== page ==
If you have a Google account, you should sign up to Google Analytics. It’s free and pretty easy to setup. Here’s what you need to do.

So we’ve talked about tracking visitors, but how do we attract new ones? Well, we can start by having good search engine optimisation, or SEO. Now this is really a dark art and there are a lot of services online that will fill your site full of spam or distribute a bunch of links that will most likely negatively affect your site’s ranking in search engines. But SEO isn’t in itself evil, and there are a few simple things you can do to help make your podcast more searchable on the web. It won’t help you float to the top of iTunes rankings, but it may help make your podcast easier to find when searching via Google and other search engines.

In my experience, the best option is the simplest, and the one with the least amount of headaches. To that end, I recommend Yoast SEO. It’s a simple, free plugin that will allow you to customise the metadata for your website. It can also help hook you up with search engines so your site is listed quickly, and also makes it easy to supply nicely formatted images for when listeners share your podcast on Facebook and Twitter.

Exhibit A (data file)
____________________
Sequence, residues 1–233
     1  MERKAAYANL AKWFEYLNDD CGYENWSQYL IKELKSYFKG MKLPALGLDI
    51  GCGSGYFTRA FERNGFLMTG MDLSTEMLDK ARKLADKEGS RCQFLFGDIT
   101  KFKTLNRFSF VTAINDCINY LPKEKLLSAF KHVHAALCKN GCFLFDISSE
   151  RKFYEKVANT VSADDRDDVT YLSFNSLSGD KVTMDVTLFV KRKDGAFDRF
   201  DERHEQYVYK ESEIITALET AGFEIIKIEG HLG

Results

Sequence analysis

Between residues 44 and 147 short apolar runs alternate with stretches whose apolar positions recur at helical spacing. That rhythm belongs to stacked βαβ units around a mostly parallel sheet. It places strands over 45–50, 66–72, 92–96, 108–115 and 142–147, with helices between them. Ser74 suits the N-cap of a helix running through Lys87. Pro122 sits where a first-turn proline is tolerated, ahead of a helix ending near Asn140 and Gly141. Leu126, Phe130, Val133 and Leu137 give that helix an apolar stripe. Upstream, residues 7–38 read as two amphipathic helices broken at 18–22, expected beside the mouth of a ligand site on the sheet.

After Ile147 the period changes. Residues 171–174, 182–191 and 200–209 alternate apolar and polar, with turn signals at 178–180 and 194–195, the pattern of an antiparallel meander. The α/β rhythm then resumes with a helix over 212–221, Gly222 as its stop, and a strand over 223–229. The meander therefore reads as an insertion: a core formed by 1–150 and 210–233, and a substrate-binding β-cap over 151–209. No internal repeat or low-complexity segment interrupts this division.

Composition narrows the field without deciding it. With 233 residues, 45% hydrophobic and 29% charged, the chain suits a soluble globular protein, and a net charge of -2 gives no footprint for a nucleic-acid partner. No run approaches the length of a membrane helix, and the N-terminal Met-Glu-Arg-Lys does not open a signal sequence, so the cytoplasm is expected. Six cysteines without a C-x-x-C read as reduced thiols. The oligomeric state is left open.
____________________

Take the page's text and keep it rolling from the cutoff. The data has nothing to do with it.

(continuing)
You still need to write good content, pick the write titles and encourage people to link to your site. The plugin won’t help your rankings on its own, but it will make it a lot easier to manage the stuff that search engines like to see. Let’s have a quick look through Yoast SEO.

OK, enough about numbers, let’s look at some other ways we can customise our site. Let’s say you have an episode of your podcast you’re particularly proud of, and you want to feature that on your homepage for a while. A good way to do this on a blog is to mark a post as “sticky”. That means it always floats to the top of any list, and depending on the theme, might be presented with a bit more flare. WordPress doesn’t by default allow you to make anything other than blog posts sticky, but by using the Sticky Custom Post Types plugin, you can mark episodes of your podcast as sticky, so they’re right on the homepage when new visitors find your show. It’s a little like taking a card from an un-shuffled deck, and placing it on the top. All the other cards are in sequence, but this one’s right on top for people to see.

If you’re equally proud of each new episode you put out, then you don’t need to do this for each episode. And if you do feature an episode for a limited time, just head back into the episode you’ve marked as sticky, and un-tick the box to put it back in the regular list, like putting the card back in the pack in the right sequence.